Edition 91 - November 2008

Lisbon Council: University systems rankings

According to the Brussels-based think tank the Lisbon Council, Australia, the United Kingdom and Denmark have one thing in common: their higher education systems are the best world-wide. The organisation carried out a year-long study in 17 OECD countries, looking at a series of selected indicators to map educational opportunities in these states.

Among the six main indicators were:

  • Inclusiveness of the system (the number of graduates a country produces as a percentage of the population theoretically available for advanced study);
  • Access to HE (based on OECD data);
  • Attractiveness (the percentage of foreign students coming to each country from their 10 top source countries); and
  • Responsiveness (the speed and effectiveness with which countries have adapted their education system to the criteria laid down in the Bologna Declaration).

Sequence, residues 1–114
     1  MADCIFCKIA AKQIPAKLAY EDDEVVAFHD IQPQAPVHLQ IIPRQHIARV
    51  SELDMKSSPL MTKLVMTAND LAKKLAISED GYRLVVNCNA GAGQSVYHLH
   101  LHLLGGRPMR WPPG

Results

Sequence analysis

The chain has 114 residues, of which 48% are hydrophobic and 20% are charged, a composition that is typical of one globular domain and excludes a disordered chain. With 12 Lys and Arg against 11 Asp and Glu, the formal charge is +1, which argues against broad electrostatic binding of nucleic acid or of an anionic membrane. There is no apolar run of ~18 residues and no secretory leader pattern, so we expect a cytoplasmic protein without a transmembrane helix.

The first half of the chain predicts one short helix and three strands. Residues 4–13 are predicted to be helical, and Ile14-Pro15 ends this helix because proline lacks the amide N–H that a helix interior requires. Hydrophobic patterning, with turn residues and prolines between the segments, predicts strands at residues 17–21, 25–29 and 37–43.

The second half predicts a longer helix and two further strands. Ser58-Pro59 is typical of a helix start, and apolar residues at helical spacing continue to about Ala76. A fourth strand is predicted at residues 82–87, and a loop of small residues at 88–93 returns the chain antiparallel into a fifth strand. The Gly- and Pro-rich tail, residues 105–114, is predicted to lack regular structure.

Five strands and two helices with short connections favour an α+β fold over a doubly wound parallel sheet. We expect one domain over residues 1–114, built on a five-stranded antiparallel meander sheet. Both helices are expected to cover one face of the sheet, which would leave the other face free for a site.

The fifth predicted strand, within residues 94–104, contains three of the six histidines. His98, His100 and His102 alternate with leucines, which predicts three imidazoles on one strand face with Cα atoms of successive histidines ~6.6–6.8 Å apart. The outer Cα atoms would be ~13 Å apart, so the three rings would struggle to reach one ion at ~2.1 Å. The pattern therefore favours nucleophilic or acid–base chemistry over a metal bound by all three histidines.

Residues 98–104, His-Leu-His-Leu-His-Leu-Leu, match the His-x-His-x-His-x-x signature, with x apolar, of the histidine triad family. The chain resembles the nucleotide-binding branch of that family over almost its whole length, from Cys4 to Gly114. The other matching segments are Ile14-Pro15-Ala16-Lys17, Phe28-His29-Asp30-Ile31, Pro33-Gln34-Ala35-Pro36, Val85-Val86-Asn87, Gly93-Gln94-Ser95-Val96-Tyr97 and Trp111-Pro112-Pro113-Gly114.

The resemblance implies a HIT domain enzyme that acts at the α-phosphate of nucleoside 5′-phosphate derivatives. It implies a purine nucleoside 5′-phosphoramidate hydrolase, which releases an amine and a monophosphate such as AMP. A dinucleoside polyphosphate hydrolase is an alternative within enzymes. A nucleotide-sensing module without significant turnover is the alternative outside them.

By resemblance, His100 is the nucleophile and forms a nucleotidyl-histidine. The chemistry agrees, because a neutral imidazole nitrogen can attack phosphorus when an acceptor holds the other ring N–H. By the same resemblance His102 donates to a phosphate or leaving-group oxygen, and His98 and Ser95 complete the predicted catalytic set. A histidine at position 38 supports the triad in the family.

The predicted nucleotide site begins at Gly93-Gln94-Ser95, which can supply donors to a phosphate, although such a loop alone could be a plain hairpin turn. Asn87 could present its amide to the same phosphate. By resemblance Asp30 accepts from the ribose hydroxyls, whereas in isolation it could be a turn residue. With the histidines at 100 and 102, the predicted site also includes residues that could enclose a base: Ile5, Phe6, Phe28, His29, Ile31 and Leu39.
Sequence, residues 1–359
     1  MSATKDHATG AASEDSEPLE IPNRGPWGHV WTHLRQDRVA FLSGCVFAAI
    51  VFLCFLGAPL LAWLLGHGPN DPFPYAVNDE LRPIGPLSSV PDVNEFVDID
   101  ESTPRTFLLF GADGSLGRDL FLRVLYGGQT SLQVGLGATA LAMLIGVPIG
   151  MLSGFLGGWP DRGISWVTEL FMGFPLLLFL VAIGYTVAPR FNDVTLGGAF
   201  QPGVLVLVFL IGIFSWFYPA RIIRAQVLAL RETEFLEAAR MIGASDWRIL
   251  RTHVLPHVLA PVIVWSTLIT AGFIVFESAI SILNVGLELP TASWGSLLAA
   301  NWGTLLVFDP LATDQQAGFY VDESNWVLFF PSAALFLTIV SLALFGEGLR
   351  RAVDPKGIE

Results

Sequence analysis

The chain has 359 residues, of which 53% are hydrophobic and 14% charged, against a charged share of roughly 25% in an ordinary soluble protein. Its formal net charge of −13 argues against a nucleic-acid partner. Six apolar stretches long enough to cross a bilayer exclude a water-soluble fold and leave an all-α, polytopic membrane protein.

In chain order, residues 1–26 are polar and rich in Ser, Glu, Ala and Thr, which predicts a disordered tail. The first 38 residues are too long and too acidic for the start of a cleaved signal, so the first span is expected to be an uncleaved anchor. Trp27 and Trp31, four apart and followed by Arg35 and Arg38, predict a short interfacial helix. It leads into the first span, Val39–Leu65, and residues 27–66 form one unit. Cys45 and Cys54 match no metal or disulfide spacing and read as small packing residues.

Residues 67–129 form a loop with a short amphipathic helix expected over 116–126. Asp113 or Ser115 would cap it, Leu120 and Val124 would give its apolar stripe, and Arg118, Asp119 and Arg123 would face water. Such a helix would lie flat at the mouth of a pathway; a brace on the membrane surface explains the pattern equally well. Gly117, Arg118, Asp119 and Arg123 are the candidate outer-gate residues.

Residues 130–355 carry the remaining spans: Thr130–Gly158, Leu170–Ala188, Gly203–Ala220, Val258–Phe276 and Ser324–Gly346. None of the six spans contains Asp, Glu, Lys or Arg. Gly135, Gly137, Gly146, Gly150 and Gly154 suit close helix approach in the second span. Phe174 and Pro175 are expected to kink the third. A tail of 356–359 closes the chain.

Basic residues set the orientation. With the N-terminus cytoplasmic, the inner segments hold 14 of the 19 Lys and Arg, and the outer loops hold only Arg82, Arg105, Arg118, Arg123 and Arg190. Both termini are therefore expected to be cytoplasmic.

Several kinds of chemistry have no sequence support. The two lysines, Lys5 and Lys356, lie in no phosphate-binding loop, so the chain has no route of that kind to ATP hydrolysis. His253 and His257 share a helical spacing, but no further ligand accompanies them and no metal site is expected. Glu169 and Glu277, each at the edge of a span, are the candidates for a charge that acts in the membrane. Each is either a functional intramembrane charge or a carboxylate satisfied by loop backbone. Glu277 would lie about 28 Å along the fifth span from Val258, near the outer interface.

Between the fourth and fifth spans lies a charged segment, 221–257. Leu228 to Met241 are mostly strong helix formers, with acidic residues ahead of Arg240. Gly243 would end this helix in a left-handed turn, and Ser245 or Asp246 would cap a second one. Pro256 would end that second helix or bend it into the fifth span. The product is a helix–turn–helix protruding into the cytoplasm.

The ranking, quite obviously, does not shed light on how individual universities perform, but it delivers a global comparison of how entire national HE systems are coping with today’s (and tomorrow’s) economic and social challenges

Even though it may be trivial to say - by limiting oneself to these indicators - that most higher education systems in Europe are too elitist and exclusive and that they hence rank at the bottom end of the list (Austria and Germany, for example), there is a certain truth and an innovative spark for Europe contained in the analysis. The global race for talent is on, and there is much homework to be done.

Lisbon Council

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